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Hilde. Oh! I see. (She puts the stool in front of the rocking-
chair.)

Bolette (interrupting). Didn't you see anything of father's boat
out on the fjord?

Lyngstrand. Yes; I thought I saw a sailing-boat that was steering
inland.

Bolette. I'm sure that was father. He's been to visit patients on
the islands. (She is arranging things on the table.)

Lyngstrand (taking a step up the stairs to the verandah). Why,
how everything's decorated here with flowers!

Bolette. Yes; doesn't it look nice?

Lyngstrand. It looks lovely! It looks as if it were some festival
day in the house.

Hilde. That's exactly what it is.

Lyngstrand. I might have guessed it! I'm sure it's your father's
birthday.

Bolette (warningly to HILDE). Hm--hm!

Hilde (taking no notice of her). No, mother's.

Lyngstrand. Oh! Your mother's!

Bolette (in low voice, angrily). Really, Hilde!

Hilde (the same). Let me be! (To LYNGSTRAND.) I suppose you're
going home to breakfast now?

Lyngstrand (going down steps). Yes, I suppose I must go and get
something to eat.

Hilde. I'm sure you find the living very good at the hotel!

Lyngstrand. I'm not staying at the hotel now. It was too
expensive for me.

Hilde. Where are you staying, then?

Lyngstrand. I'm staying up at Mrs. Jensen's.

Hilde. What Mrs. Jensen's?

Lyngstrand. The midwife.

Hilde. Excuse me, Mr. Lyngstrand, but I really have other matters
to attend to-

Lyngstrand. Oh! I'm sure I ought not to have said that.

Hilde. Said what?

Lyngstrand. What I said.

Hilde (looking contemptuously at him). I don't understand you in
the least.

Lyngstrand. No, no. But I must say goodbye for the present.

Bolette (comes forward to the steps). Good-bye, good-bye, Mr.
Lyngstrand. You must excuse us now. But another day--when you've
plenty of time--and inclination--you really must come in and see
father and the rest of us.

Lyngstrand. Yes; thanks, very much. I shall be delighted. (Bows,
and goes out through the garden gate. As he goes along the road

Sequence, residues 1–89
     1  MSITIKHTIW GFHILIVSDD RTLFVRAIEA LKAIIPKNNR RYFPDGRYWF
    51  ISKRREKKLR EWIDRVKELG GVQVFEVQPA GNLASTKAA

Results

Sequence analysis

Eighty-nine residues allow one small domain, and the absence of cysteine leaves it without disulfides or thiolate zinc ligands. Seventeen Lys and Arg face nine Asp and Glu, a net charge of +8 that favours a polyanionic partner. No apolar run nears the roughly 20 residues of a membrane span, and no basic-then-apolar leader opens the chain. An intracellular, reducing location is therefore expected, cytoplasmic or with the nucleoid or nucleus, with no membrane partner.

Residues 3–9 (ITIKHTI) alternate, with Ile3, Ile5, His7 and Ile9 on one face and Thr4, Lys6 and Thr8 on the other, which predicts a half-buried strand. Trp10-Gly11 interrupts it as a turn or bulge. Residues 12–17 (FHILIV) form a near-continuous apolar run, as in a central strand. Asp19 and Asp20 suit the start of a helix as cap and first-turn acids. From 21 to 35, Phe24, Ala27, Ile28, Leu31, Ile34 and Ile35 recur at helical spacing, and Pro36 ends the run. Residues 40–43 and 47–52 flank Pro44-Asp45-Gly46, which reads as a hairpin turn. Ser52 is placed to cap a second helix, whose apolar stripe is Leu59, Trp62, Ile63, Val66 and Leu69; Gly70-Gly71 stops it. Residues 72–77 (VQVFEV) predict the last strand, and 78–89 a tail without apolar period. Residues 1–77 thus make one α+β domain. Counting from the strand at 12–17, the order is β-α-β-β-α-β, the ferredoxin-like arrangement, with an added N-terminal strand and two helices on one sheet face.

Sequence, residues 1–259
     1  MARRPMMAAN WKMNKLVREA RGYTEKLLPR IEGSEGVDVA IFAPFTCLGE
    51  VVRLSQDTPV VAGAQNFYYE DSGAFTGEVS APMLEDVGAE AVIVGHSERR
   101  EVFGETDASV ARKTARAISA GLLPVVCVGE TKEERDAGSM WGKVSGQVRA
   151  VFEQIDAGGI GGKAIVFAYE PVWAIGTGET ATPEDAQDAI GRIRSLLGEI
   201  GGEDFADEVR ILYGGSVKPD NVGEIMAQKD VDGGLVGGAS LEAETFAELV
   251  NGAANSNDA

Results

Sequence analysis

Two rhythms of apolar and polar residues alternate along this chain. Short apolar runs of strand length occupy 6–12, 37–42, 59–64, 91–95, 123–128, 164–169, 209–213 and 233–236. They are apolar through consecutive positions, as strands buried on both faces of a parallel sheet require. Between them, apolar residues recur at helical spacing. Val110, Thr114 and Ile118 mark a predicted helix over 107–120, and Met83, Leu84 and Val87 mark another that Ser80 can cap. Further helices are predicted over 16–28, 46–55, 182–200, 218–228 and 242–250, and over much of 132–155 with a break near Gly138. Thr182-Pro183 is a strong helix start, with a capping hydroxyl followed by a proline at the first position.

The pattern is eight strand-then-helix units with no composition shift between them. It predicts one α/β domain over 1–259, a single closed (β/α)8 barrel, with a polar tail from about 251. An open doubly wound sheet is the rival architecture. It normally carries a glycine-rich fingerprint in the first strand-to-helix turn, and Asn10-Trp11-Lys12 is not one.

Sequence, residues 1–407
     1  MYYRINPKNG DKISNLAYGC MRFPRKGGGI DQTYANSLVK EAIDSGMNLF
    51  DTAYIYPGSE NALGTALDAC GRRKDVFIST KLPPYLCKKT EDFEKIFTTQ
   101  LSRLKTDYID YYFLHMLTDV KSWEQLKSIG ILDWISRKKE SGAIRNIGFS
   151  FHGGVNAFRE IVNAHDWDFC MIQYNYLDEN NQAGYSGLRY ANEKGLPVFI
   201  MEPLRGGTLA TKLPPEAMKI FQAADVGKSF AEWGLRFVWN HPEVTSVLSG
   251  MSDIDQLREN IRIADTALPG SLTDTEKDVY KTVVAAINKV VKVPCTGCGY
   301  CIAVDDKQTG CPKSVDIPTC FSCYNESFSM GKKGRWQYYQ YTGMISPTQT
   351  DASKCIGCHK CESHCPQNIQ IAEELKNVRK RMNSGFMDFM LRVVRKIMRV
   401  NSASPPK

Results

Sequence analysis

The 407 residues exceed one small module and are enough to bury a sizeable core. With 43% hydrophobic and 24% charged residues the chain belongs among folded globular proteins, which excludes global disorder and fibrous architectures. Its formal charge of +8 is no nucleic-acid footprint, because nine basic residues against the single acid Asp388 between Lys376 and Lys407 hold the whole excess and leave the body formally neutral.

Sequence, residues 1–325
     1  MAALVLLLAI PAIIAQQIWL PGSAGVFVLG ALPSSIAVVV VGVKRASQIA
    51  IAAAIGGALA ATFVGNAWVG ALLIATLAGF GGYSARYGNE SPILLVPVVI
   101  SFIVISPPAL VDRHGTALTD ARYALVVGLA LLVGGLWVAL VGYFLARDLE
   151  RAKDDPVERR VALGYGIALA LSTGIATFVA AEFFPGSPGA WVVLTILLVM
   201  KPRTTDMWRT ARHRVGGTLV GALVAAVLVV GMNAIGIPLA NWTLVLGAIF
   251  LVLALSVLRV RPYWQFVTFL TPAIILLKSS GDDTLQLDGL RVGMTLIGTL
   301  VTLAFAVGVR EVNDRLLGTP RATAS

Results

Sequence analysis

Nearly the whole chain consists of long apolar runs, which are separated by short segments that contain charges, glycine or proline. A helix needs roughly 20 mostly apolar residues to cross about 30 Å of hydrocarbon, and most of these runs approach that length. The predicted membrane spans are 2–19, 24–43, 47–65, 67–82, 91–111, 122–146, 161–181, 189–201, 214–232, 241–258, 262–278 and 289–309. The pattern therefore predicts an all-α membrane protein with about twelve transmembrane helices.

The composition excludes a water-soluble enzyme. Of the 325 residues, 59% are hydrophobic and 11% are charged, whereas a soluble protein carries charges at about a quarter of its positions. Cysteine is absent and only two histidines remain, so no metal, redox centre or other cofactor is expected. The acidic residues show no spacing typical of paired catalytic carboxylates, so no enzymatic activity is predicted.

he bows again towards the verandah.)

Hilde (in low voice). Adieu, Monsieur! Please remember me to
Mother Jensen.

Bolette (in a low voice, shaking her arm). Hilde! You naughty
child! Are you quite crazy? He might have heard you.

Hilde. Pshaw! Do you think I care about that?

Bolette (looking out to the right). Here's father!

(WANGEL, in travelling dress and carrying a small bag, comes from the
footpath.)

Wangel. See! I'm back again, little girls! (He enters through the
garden gate.)

Bolette (going towards him at the bottom of the garden). Oh! It
is delightful that you've come!

Hilde (also going up to him). Now have you got off for the whole
day, father?

Wangel. Oh! no. I must go down to the office for a little while
presently. I say--do you know if Arnholm has come?

Bolette. Yes; he arrived in the night. We sent to the hotel to
enquire.

Wangel. Then you've not seen him yet?

Bolette. No; but he's sure to come here this morning.

Wangel. Yes; he's sure to do that.

Hilde (pulling him). Father, now you must look round.

Wangel (looking towards the verandah). Yes, I see well enough,
child. It's quite festive.

Bolette. Now, don't you think we've arranged it nicely?

Wangel. I must say you have. Are--are we alone at home now?

Hilde. Yes; she's gone to--

Bolette (interrupting quickly). Mother has gone to bathe.

Wangel (looks lovingly at BOLETTE, and pats her head. Then he
says, hesitating). Look here, little ones. Do you want to keep
this up all day? And the flag hoisted, too?

Hilde. Surely you understand that, father!

Wangel. Hm! Yes; but you see--

Bolette (looks at him and nods). Surely you can understand we've
been doing all this in honour of Mr. Arnholm. When such a good
friend comes to see you for the first time-

Hilde (smiling, and shaking him). Think! he who used to be
Bolette's tutor, father!

Wangel (with a half-smile). You're a pair of sly minxes. Well--
good heavens--after all, it's but natural we should remember her
who is no more with us. Here, Hilde (Gives her his bag), take
that down to the office. No, children. I don't like this--the
way, I mean. This habit of every year--well--what can one say? I
suppose it can't be managed any other way.

Hilde (about to go out of garden, and, with the bag, stops short,
turns, and points out). Look at that gentleman coming up here.
I'm sure it's your tutor.

Bolette (looks in that direction). He? (Laughs.) That is good! Do
you think that middle-aged fellow is Arnholm?

Wangel. Wait a moment, child. Why, by Jove, I do believe it is
he. Yes, it certainly is.




The Lady From The Sea by Henrik Ibsen
Category:
Play
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